So where did I get to this week? I decided on Ellenbrook Fields. I have been planning on getting myself to Ellenbrook Fields for quite a while but today I finally managed it.
Ellenbrook Fields are on the western edge of Hatfield, which is in Hertfordshire, just north of London, a short distance up the A1. Hatfield is a town that offers an interesting blend of the historical and the modern. It dates back at least as far as the Domesday Book when it was known as Haethfeld. In medieval times it was part of the estate of the Bishops of Ely and for a time was known as Bishop’s Hatfield (like nearby Bishop’s Stortford) The old town of Hatfield grew up around the manor of Hatfield House. The old palace was built by a Bishop of Ely in 1497. In Tudor times the house belonged to the Cecil family who were prominent members of the Tudor court. Elizabeth, later Elizabeth II, was confined here for three years in the 1550s. Legend has it that she heard of her accession to the throne while sitting under an oak tree in the grounds. She held her first Council in the Great Hall (The Old Palace) of Hatfield. In the early seventeenth century the house was extensively rebuilt in the Jacobean style. It is one of the outstanding buildings of that period that still survives and is well worth a visit today.
Hatfield grew only slowly in the following centuries but then, in the 1940s, it was chosen to be the site of one of the New Towns around London, along with Letchworth, Stevenage and Welwyn Garden City. The old town was left alone (thank God!) and a new town centre was constructed in red brick and concrete just a little way to the west. I can’t say it’s the most attractive town centre I have ever seen but the new town of Hatfield provides homes and employment to thousands of people. The population had grown to around 30,000 by the year 2000 and stands at nearer 40,000 now. There are retail and business parks around the periphery. Hatfield is also home to the University of Hertfordshire. The UoH is a technology college with around 25,000 students and some 2,700 staff and is probably the largest employer in the area nowadays.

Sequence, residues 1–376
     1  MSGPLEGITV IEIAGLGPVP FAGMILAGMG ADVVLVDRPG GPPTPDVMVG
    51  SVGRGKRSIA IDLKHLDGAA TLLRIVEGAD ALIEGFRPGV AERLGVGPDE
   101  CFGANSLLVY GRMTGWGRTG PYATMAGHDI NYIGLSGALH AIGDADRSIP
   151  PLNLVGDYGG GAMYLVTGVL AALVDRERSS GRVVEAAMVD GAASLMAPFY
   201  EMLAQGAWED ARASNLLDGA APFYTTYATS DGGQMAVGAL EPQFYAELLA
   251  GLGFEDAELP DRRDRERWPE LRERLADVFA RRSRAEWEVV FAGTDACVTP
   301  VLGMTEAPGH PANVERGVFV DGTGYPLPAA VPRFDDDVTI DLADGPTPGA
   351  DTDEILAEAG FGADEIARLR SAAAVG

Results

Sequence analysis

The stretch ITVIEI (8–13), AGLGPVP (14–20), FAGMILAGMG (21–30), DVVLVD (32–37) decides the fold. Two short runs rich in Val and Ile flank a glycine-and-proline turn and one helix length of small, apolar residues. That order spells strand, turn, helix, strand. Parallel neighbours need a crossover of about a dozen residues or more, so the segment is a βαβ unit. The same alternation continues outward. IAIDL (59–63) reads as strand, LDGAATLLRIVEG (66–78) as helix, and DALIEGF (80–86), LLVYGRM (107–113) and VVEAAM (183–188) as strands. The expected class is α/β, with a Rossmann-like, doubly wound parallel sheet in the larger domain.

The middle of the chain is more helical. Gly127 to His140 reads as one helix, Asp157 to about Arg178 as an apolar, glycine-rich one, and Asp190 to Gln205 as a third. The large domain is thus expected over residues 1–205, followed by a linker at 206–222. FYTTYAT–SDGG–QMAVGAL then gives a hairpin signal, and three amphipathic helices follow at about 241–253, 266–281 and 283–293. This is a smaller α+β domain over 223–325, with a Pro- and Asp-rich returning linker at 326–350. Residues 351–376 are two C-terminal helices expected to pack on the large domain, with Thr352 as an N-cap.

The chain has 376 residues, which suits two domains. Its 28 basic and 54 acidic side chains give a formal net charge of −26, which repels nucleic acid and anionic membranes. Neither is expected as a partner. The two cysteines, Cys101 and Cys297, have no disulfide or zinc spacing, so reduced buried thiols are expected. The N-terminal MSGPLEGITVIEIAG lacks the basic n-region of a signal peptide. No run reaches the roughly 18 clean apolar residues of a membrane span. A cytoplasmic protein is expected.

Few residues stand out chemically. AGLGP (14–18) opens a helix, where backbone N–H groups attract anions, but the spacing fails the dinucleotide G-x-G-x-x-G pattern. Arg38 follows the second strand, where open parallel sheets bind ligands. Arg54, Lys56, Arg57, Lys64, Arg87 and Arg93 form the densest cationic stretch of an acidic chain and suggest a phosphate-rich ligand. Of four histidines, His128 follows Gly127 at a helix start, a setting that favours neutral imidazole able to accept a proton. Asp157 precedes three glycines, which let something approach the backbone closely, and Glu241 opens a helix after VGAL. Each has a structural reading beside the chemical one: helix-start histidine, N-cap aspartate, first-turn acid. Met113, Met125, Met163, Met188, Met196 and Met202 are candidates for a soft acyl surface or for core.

The town was previously home to another major enterprise. The aviation pioneer Geoffrey de Havilland opened an aircraft factory, complete with its own airstrip, on the western edge of town in the 1930s. Amongst the aircraft manufactured here were the Mosquito fighter bomber and the Comet airliner, the first commercial jet airliner. The firm was taken over by Hawker Siddely in 1960 and then merged into British Aerospace in 1978. BAE finally closed down the site in 1993. There were various suggestions as to what to do with the grounds but eventually the land was returned to nature under its old name of ... Ellenbrook Fields. Its past as an airfield is recalled in the names of some of the surrounding roads, such as Mosquito Way and Comet Way. The old taxiway is still there, indeed it is part of the parkrun course.
Ellenbrook Fields derive their name from the Ellen brook which runs through the park and joins onto the River Colne. It comprises around 400 acres of grassy fields (grazed by cattle) and patches of woodland. It was used as a film set about 20 years ago when Steven Spielberg filmed ‘Saving Private Ryan’ here (more particularly the final battle in a French village). Spielberg later returned to shoot some of his TV series, Band of Brothers, in the same location.
The parkrun course at Ellenbrook comprises a short lap of about 1.5 km followed by a longer lap of 3.5 km around the perimeter. Underfoot you find a combination of tarmac/ concrete paths mixed with dirt/grass tracks. Being an old airfield, it is almost completely flat. You finish with a long straight down the old runway. Ellenbrook Fields parkrun has been going for about three years and has an average turnout of around 180. Lately however the numbers seem to be going up - there were 319 finishers today.
We were greeted by the warmest conditions so far in 2019. We were all sweating quite a bit by the end. I had no expectations for this run - I am still struggling with various aches and pains and would be happy just to get round in one piece. Consequently at the start I went off very slowly and was happy just to jog round in the middle of the field as we completed the first small lap. I picked up the pace a little bit in the second mile and gradually moved up through the field. I wasn’t overexerting myself but nonetheless I was happy when we came round to the top end of the runway and I could see the finish. One of the problems with long straight finishing stretches is that you can see the finish in the distance but it takes an age to get there. But I got there eventually. 46th in 22:59. That was okay. Actually it was quite good under the circumstances. I enjoyed my visit to Ellenbrook and wouldn’t mind coming back here to try and run a faster time when I’m a bit fitter. My statistics for today - that was parkrun venue number 205. I was second in my age group and 18th overall on age graded scores.
If you’d like to have a little look at Ellenbrook Fields and have a few minutes to spare, here it is in YouTube form.
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